I’m guessing my storage capacity is on the smaller side because Harris still nurses every 2-3 hours (usually only 3 if he’s been asleep, if he’s awake it’s 2). And he’s hungry!!! This doesn’t mean that there’s anything wrong with my milk supply, but it does mean that he needs more frequent meals throughout the day. This also doesn’t mean that he’s “snacking” or not taking-in a full meal. And doesn’t mean that he’s not accessing the fatty hind milk that comes at the end of a feeding. As long as I allow him to fully finish one before the other, he’s getting everything he needs to get. (And I’m still a little confused about why we know from nutritionists and doctors that humans are healthier and function better when we eat fewer small meals throughout the day, yet we seem to think that’s a bad thing when it comes to babies! Why is it “better” to try to get them to eat more in one sitting only a few times a day? Why is the goal for us to not have to feed our babies very often?) Because a mom with a smaller storage capacity will have breasts that become full in a sooner amount of time than if her capacity was larger, it’s necessary for her to go ahead and feed the baby then in order to keep-up her milk supply. The longer the milk sits in the breast without removal, the slower her production and the lower her supply. (More on that in the next post!)
Here’s what KellyMom says:
Storage capacity: Another factor that affects milk production and breastfeeding management is mom’s milk storage capacity. Storage capacity is the amount of milk that the breast can store between feedings. This can vary widely from mom to mom and also between breasts for the same mom. Storage capacity is not determined by breast size, although breast size can certainly limit the amount of milk that can be stored. Moms with large or small storage capacities can produce plenty of milk for baby. A mother with a larger milk storage capacity may be able to go longer between feedings without impacting milk supply and baby’s growth. A mother with a smaller storage capacity, however, will need to nurse baby more often to satisfy baby’s appetite and maintain milk supply since her breasts will become full (slowing production) more quickly.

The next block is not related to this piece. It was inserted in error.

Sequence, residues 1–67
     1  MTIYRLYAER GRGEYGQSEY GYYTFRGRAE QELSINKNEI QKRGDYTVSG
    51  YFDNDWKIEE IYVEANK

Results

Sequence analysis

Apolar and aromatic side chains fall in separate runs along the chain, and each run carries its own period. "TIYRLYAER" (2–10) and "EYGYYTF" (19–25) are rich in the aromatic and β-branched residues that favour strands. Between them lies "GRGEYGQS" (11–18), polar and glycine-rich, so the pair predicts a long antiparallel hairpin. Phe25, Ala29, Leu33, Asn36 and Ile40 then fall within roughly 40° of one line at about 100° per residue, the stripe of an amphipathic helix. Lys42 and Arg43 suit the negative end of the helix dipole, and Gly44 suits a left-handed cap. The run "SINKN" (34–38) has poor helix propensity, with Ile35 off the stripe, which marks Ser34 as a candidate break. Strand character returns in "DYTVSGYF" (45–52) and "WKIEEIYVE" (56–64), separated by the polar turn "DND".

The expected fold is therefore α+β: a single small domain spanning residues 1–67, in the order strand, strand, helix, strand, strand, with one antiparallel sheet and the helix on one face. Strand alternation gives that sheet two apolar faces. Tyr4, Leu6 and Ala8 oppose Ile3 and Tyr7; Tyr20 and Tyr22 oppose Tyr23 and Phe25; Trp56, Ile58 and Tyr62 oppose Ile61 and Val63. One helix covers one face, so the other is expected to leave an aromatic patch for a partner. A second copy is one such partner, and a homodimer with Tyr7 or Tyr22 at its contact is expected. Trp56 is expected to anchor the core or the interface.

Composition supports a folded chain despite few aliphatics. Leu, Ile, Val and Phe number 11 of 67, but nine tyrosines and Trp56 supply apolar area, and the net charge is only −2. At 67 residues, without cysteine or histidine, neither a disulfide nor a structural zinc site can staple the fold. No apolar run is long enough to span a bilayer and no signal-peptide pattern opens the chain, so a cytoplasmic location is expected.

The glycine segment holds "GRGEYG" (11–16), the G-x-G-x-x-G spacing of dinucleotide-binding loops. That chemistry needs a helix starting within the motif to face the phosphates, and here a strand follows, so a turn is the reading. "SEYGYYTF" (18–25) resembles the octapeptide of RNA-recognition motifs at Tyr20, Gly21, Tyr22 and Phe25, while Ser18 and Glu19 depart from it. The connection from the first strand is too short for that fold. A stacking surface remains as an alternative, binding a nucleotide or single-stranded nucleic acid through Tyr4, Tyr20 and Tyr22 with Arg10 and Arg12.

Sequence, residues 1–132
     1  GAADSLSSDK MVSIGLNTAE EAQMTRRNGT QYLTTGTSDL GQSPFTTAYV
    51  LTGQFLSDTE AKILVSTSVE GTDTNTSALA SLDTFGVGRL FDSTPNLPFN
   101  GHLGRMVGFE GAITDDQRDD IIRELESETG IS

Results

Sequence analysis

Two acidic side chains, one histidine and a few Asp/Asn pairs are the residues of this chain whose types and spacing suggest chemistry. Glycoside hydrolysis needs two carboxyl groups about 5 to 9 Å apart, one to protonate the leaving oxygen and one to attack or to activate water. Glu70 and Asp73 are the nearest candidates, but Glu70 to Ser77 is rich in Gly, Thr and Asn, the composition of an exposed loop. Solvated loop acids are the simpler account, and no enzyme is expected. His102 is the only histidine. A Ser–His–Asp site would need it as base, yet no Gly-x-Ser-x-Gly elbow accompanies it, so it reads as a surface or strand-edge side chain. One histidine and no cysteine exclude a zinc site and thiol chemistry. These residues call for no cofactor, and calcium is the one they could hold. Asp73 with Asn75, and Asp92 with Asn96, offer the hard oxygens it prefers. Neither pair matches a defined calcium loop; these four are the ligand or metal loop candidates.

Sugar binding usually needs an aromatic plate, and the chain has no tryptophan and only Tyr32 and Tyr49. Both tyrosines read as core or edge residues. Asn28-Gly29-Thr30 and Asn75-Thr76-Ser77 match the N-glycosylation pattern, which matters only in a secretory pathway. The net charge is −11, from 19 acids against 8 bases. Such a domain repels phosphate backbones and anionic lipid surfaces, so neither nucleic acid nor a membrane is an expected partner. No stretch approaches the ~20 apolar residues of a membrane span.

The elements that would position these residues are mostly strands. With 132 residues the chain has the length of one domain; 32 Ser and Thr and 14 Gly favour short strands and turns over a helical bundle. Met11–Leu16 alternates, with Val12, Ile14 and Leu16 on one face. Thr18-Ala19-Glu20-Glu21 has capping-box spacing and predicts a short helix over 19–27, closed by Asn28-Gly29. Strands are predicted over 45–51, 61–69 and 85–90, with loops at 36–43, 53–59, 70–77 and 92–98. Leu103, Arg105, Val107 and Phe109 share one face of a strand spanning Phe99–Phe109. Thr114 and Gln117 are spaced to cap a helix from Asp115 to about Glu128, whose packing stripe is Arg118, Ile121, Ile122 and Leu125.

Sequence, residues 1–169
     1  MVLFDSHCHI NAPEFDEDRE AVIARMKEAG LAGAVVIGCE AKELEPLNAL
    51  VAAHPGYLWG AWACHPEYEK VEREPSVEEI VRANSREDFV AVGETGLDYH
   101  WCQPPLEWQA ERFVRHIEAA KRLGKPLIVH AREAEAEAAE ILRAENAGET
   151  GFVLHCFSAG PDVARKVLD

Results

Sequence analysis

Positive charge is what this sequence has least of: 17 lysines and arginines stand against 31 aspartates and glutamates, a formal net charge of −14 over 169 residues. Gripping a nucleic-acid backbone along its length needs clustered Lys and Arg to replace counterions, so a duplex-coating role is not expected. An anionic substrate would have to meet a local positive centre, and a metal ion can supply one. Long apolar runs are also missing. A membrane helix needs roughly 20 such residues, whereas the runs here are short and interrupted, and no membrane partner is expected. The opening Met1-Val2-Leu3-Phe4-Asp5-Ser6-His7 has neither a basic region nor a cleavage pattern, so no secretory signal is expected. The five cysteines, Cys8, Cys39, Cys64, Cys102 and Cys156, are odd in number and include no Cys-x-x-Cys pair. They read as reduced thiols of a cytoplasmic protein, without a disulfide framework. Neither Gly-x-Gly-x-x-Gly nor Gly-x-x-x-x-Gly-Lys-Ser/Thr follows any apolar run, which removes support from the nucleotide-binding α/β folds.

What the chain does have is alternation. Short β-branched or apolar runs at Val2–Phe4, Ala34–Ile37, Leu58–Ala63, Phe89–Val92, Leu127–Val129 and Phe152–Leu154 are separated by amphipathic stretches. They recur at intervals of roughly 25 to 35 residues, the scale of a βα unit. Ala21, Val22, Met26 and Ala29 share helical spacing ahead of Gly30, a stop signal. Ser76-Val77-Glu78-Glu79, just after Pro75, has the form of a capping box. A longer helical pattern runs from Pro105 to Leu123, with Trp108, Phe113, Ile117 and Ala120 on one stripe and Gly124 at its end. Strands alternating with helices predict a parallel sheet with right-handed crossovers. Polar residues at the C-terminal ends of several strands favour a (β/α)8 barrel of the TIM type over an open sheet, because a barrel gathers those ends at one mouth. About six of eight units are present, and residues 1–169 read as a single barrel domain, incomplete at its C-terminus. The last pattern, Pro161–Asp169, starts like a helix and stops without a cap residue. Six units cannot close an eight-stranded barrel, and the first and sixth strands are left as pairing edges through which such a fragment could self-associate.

Think of storage capacity as a cup – you can easily drink a large amount of water throughout the day usingany size of cup – small, medium or large – but if you use a smaller cup it will be refilled more often.
Here’s what another lactation consultant said:
Dr. Hartmann is a researcher in Perth, Australia, specializing in human milk production. In his laboratories, Dr. Hartmann has studied mothers before and after nursing sessions by making topographical-type maps of lactating breasts using video cameras and computer equipment in order to analyze changes. Their accuracy has been assessed at +/- 5%, an excellent percentage for this type of work. Dr. Hartmann has discovered, through this work, that the breast does not make all of the milk at nursing time, but rather is making milk around the clock. The rate of milk production between feedings varies according to the degree of fullness of the breast; the fuller the breast, the slower the milk production rate, and conversely the emptier the breast, the faster the rate of production for replacement.